In 1774 when American patriots stopped drinking English tea in order to stop funding the British Army, the concept of shopping local began. American patriots realized that their purchase of tea sent money and profits back to England where it could be used in the war against them. An entire tea-drinking culture stopped drinking tea and began drinking coffee instead.
In early 2003, when the United States attacked the country of Iraq, we wanted to do something to help. We felt that if we sent some of our coffee to our troops that we would be supporting them in a small but measurable way.
Less than a year later, the first of over 30 Starbucks moved into my small town. Soon after that, I heard a rumor that a local Starbucks Manager boasted to someone else that Mitch’s Java ‘n Jazz would be out of business within one year. It was then that I knew this competition was a little different than the competition I faced on a basketball court. This indeed was a lot more serious. I learned a very good lesson about the war between large corporations and small family-owned businesses… and why it is good for America when the little guy fights back!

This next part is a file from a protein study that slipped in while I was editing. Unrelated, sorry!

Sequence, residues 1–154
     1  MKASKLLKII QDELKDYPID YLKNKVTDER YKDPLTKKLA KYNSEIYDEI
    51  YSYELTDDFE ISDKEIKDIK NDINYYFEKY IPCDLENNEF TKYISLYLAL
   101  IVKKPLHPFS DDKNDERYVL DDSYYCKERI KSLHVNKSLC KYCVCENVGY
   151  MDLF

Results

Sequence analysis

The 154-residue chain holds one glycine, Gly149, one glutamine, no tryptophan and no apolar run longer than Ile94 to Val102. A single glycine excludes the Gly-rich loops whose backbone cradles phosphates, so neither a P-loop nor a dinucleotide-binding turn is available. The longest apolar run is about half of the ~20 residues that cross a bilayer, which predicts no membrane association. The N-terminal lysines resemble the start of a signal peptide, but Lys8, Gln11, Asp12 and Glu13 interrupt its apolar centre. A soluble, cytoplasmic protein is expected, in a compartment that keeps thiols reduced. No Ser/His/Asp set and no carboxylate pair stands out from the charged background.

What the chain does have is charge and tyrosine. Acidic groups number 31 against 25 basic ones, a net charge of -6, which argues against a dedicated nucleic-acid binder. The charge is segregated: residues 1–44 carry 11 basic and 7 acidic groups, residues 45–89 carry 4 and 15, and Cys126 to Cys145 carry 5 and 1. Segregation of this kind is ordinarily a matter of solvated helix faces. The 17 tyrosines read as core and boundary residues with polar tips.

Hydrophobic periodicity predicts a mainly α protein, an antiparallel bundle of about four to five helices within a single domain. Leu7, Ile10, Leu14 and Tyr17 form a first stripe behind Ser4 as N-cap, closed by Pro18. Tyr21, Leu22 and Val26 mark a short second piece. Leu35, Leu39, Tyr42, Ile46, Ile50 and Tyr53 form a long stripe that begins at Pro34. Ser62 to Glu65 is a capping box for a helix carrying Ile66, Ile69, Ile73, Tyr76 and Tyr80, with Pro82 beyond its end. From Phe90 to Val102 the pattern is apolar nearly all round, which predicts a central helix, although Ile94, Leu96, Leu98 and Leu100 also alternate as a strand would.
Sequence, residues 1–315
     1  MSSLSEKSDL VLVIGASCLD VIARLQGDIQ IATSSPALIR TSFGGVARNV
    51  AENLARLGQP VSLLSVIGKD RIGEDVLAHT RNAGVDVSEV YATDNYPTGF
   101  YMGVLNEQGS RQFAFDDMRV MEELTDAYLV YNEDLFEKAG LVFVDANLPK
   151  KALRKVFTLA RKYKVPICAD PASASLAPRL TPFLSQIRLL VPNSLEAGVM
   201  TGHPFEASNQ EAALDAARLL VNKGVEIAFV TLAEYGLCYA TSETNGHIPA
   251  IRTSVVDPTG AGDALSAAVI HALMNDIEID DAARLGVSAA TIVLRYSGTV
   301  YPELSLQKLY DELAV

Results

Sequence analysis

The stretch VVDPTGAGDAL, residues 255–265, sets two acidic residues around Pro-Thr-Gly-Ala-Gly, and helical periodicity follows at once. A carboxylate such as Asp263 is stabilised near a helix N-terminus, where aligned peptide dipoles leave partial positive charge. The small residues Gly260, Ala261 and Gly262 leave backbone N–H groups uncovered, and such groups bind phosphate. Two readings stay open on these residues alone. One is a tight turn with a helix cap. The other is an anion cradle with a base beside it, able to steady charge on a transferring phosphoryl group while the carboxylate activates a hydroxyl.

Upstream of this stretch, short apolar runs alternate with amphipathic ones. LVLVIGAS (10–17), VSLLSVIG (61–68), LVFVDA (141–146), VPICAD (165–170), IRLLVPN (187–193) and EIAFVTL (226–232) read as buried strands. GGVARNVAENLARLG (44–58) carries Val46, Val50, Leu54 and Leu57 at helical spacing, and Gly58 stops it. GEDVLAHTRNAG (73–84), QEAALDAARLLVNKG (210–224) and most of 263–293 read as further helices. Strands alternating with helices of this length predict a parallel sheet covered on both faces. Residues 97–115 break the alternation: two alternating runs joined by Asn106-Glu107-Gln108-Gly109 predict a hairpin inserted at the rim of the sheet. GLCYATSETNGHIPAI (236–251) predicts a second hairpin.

Unbeknownst to me, the battle had just begun with the largest competitor I could ever imagine. A competitor who was doubling in size every few years, on the way to becoming one of the most recognized brands in the world. I had inadvertently and unknowingly declared war on the king of coffee. A daunting task!